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AECOM's unlimited opportunities for women in STEM

Interested in a career in STEM - science, technology, engineering, mathematics?
 
Kate Morris, a chartered engineer with 25 years of industry experience, is thrilled to be working with AECOM on mCircles, a mentoring programme and open forum designed for AECOM’s female professionals to seek and receive constructive advice for career growth.
 
“There is fantastic potential for women within AECOM, but sometimes women tend to under estimate their potential - if I can help other women by sharing my experiences and building that confidence, then I have made a personal, tangible contribution to developing a more balanced working environment for all”, Kate exclaims.
 
AECOM takes diversity very seriously and is actively looking at ways it can tackle the global skills shortage of female engineers and girls entering ionto STEM, through attracting and retaining female talent. mCircles has been set up to advance gender parity within AECOM and has senior level support throughout the business.
 
mCircles was established two years ago in the USA, and is currently managed in the UK by Kate Morris and another AECOM senior director, Nicola Gillen. Prior to launching, the mCircles team identified the key challenges women faced within the organisation. Focus groups were run and mentors were recruited and trained. The programme has very clear as was its objective - namely to provide women with a forum to share experiences, discuss issues and importantly help them to better understand how to address certain challenges.  
 
“mCircles is about sharing their own experiences, gaining confidence and giving women the self belief, knowledge and tools to reach their full potential within the organisation”, Kate explains.
 
The mentoring programme has already achieved great success and is currently over-subscribed “We have 22 mentoring groups which comprise of between 5 and 10 women. Groups are mixed discipline, including women from all technical disciplines as well as the support functions. We’ve had over 400 women express an interest in joining the scheme, but have only been able to accommodate about 200 on the first round of the programme”, Kate reveals. “We are now looking at how we develop and expand the programme.”
 
As well as organising mCircles, Kate also personally mentors two groups of women. The groups meet every two months to discuss key topics such as work/life balance, and networking. 
 
“The mCircle programme has sent a clear message to all staff that AECOM is working towards a more inclusive work environment, and that women are valued within our organisation. From my groups I believe the biggest success is providing the women with the confidence to challenge and drive their own career”
 
Feedback from the mentees has been excellent. Emma Gilmour, an Associate Director of Transportation for AECOM describes her experience as incredibly beneficial to her own career development.
 
 “The mCircles programme sounded like an interesting idea and it has not disappointed. The opportunity for engagement on a number of focused topics, has given a sense of empowerment. I definitely appreciate the chance that AECOM has given me to join a discussion forum in a group of women of a similar professional level. That, for a senior engineer in a smaller UK office, is a valued thing indeed.”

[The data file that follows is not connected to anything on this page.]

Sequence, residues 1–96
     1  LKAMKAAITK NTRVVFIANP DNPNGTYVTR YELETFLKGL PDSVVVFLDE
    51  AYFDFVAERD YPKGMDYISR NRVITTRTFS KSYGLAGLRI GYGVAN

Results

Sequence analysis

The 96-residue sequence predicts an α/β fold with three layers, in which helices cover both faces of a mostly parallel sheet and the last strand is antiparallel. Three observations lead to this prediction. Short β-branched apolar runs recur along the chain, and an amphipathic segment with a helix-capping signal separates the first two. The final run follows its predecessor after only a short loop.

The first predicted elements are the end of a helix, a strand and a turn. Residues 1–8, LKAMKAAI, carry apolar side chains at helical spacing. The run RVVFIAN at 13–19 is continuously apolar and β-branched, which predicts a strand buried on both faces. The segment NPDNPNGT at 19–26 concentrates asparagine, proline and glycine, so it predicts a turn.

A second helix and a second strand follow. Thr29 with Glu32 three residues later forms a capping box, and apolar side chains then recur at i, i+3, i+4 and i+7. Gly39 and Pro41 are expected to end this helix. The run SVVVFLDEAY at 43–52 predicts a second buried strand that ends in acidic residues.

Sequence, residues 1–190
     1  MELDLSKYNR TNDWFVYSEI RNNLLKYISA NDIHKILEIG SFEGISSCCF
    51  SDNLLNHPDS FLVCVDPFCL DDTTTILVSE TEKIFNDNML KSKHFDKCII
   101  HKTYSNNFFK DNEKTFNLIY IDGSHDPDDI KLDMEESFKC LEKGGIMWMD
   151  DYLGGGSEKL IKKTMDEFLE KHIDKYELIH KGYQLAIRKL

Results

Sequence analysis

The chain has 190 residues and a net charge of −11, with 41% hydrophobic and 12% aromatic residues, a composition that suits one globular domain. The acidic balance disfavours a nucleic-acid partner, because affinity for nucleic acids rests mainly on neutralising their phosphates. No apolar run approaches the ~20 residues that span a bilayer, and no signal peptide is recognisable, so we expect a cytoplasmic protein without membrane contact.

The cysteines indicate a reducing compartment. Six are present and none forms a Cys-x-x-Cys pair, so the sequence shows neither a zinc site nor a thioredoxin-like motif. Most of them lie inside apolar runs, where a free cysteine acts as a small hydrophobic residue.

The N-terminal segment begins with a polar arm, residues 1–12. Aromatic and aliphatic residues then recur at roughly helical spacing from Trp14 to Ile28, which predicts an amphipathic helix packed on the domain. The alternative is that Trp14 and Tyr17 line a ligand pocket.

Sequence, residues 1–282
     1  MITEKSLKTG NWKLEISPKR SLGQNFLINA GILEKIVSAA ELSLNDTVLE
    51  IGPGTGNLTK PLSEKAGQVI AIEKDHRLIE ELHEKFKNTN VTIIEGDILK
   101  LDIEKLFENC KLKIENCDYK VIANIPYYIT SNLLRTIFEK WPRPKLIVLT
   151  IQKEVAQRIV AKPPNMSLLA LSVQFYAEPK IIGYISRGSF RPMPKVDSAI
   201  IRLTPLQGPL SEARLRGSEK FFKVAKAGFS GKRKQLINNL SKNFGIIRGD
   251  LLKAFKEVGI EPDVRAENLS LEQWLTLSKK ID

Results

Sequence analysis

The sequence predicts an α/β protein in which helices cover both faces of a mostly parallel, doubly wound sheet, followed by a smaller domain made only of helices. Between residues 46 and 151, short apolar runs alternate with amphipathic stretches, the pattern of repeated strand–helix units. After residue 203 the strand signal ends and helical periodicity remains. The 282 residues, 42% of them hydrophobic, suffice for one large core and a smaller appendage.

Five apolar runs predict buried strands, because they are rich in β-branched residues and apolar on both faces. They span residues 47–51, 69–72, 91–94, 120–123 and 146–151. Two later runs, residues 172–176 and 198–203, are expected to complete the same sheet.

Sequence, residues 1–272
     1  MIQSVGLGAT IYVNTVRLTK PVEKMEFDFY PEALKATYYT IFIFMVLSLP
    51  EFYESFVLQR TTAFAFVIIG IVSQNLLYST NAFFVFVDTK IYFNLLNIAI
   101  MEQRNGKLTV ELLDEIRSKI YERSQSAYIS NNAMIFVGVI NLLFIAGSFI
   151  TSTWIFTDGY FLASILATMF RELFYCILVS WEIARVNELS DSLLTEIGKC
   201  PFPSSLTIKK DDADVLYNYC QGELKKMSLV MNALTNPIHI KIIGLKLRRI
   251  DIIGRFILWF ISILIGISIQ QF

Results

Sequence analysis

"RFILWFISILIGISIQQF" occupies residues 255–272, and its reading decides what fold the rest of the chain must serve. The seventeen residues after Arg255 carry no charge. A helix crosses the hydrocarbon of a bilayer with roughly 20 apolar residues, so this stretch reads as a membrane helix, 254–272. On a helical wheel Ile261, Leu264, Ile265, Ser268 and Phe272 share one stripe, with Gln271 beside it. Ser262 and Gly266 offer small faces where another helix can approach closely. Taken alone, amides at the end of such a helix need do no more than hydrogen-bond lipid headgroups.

Charlotte Brace, an Associate in Nuclear Technical Services is also finding the programme hugely rewarding.
 
“For me, participating in the mCircle initiative is a great way of discussing and resolving generic team and project management issues and learning lessons from colleagues dealing with similar challenges, all within a supportive and empathic environment.”
 
As well as delivering mCircles, Kate heads up AECOM’s Strategic Planning and Advisory department, responsible for the transport planning and development sector within AECOM. Working in the engineering industry Kate recognises that women are under-represented and mentoring programmes are vital to support women engineers and encourage them to reach their potential. However, Kate also acknowledges that there is an industry-wide challenge around the perception of the engineering sector as a career choice. It’s important that we challenge this perception to attract the next generation of engineers. A career in engineering is exciting, rewarding and plays a vital role in growth and the global economy.
 
Kate is passionate about her sector and what it can offer. “Engineering provides you with the opportunity to constantly develop and learn. No one solution is ever the same and so every day brings a new challenge. It provides you with the opportunity to work with individuals from varying professions and importantly contribute to projects that can, and do, make a real difference to the quality of life of individuals across the globe. Engineering has given me the opportunity to travel to different countries, meet interesting people and provide a career that challenges me technically and personally every day” 
 
Where better to explore engineering opportunities than AECOM, a global organisation which is experiencing significant growth, and is actively seeking female talent to come and join them. 
 
“It’s an organisation with unlimited opportunities – our technical work is highly diverse and there is the opportunity to take your career in a number of directions. There is a real desire from the very top through all areas of the business to create an inclusive working environment that gets the best from its workforce. Importantly I see people progress on merit with no gender bias” Kate reveals.
 
This is encouraging indeed, and AECOM is certainly working hard to support the career development of women within its organisation - and of course helpoing to increase the number of women entering STEM careers.
 

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